What does it take to achieve something great? After years of studying the lives of legendary figures — the kind of people you read about in history books — I finally have an answer. And I can tell you right now, it’s not what you think.
Hard work, passion, discipline, talent — these are the usual suspects. They are the heroes of any good story. The sexy poster child inspiring you to buy the book, watch the movie, and dream of your own success.
But the most important actor is missing in this picture. It’s the Quasimodo of any success story, hiding behind the curtain. Hiding because of his ugly face and dark, bloody history. Hiding because the public is scared of him. Yet every successful person knows she would have never achieved greatness without him.
This hidden figure goes by the name of sacrifice. It has been with us for a long time, much longer than we can remember. But lately we have been ignoring it. In the age of quick fixes and growth hackers, nobody wants to make sacrifices anymore. That is a grave mistake. Let me tell you why.
Two Legendary Sacrifices
It was winter when he decided to leave. The sun was barely up. A chilly wind was blowing through his long hair. Looking at the horizon, he knew exactly where he had to go.
It took him three days and nights, through snow and ice, to finally get there. But he felt the hardest part was still ahead. And upon seeing the tree he knew he was right.
From the roots of the World Tree sprang the object of his desire, the only thing that could give him peace of mind again. It was the Well of Urd. And guarding it was Mimir, the all-knowing and all-seeing shadow being. Looking Mimir in the eye, Odin knew this wouldn’t be easy.
Yes, Odin — the Allfather. The Teacher of Gods and Father of Men and dozens of other names. That Odin. You see, even someone known as the Wise One can’t achieve something great without sacrifice. Odin was about to do something horrible.
Whoever drank a drop out of the Well of Urd would gain the knowledge of the cosmos. That was Odin’s desire. Looking straight at Mimir he declared, I’m here to drink from the well. What do you want in exchange for letting me? Mimir responded bluntly, Your eye.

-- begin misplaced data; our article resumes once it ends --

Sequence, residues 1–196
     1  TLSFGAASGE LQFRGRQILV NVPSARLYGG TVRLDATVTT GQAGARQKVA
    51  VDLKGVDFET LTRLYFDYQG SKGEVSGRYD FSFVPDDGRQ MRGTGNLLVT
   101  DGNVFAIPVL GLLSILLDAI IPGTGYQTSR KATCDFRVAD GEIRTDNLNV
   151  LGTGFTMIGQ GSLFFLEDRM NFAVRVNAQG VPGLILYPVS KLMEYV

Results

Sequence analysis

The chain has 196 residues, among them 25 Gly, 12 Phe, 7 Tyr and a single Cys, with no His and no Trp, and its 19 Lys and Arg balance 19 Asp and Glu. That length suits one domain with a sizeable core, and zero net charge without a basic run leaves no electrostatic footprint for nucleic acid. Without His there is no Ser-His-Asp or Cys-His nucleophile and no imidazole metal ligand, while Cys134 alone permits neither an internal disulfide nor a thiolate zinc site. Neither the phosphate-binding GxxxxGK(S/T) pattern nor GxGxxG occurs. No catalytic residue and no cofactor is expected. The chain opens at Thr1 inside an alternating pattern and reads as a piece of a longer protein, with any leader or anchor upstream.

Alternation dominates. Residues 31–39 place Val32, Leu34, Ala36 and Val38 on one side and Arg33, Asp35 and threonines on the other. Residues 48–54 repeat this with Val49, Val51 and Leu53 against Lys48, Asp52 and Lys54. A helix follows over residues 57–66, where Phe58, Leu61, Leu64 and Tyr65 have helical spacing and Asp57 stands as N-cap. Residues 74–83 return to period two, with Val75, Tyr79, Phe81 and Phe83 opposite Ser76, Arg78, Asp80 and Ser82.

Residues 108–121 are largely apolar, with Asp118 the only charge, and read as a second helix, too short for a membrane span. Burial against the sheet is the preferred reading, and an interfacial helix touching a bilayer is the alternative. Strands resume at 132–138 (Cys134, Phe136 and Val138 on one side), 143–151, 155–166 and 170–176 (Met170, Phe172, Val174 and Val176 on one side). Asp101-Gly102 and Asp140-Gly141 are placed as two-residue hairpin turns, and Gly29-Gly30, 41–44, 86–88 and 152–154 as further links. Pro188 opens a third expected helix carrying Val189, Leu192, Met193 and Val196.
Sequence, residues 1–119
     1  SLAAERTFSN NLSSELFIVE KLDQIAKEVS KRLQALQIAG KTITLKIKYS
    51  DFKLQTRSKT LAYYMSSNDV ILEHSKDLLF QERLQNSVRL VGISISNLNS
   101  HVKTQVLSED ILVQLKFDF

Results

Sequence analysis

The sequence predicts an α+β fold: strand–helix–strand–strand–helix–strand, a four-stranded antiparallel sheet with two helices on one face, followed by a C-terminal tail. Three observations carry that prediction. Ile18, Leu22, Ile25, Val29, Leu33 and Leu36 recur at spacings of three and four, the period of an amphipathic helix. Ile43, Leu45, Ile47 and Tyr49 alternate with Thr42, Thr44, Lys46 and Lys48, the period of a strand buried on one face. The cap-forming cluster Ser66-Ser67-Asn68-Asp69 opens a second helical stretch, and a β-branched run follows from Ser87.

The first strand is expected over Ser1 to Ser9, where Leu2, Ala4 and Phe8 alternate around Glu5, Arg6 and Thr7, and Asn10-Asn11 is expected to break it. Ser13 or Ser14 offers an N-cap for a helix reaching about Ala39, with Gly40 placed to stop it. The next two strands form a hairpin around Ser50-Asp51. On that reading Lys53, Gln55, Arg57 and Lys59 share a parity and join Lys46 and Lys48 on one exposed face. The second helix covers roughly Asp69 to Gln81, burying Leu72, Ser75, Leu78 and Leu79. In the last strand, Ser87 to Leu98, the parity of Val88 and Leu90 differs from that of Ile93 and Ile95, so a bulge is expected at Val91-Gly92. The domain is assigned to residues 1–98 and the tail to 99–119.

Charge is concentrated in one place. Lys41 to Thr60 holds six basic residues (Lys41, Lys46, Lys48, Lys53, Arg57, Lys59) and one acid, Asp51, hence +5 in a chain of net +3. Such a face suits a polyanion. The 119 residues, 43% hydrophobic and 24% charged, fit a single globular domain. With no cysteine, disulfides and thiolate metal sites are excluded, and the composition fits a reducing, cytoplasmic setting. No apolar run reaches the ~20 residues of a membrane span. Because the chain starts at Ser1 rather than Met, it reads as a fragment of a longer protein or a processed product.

Without hesitation, Odin took his knife and gouged out his right eye. With blood dripping from his fingers, he plopped it into the clear water. Mimir then filled a giant drinking horn and handed it to Odin. He emptied it in one sip.
A rush bolder through his mind and body. Odin closed his one remaining eye. And when he opened it, Odin could see farther and better than he ever had before.
This story is about 2500 years old. Whenever something has survived for so long, I pay close attention to it. The collective human mind operates according to Darwinian principles. Only the most important stories, the ones that are useful for our survival as a species, survive natural selection.
Before the wide-spread adoption of writing, stories, legends, and myths were responsible for humans surviving and thriving. They were passed on by word of mouth. And there’s only so many stories you can remember to tell your children.
But what happens once writing gets adopted on a larger scale? The good stories spread even more. And the really good ones spread like wildfire. They ignite deep passions, unleash buried energies, and travel for generations. Just like this next story.
Some time later, God tested Abraham. He said, Abraham! Take your son, your only son, whom you love—Isaac—and go to the region of Moriah. Sacrifice him there as a burnt offering on a mountain I will show you.
You’ve probably read this one before. It’s one of the most famous stories in the Bible. I remember first hearing it in school and thinking, What was the point of that? It took me another 20 years to truly get it.
You see, Abraham made a pact with God. He promised Abraham to make him the father of nations, although he and his wife were over 90 at the time. In exchange, Abraham would have complete faith in God.
As you can imagine, it took quite a miracle for these nonagenarian lovebirds to have a child. But they did. According to the pact, this would be the son whose offspring would give rise to several nations, fulfilling Abraham’s deepest desire. But before that could happen, one important thing was required.
You guessed it: a sacrifice.
Because every prophet worth his salt knows that any great thing requires sacrifice. The early Christians knew it. So did the Germanic tribes before them. And all other conquering tribes before that.
Granted, there are small differences between the different versions of the story. The Bible opposes human sacrifice, so in that version God eventually prevents Abraham from killing his son. The Norse version is a bit bloodier, but still no humans are slain. In contrast, the Mayan version contains many human sacrifices.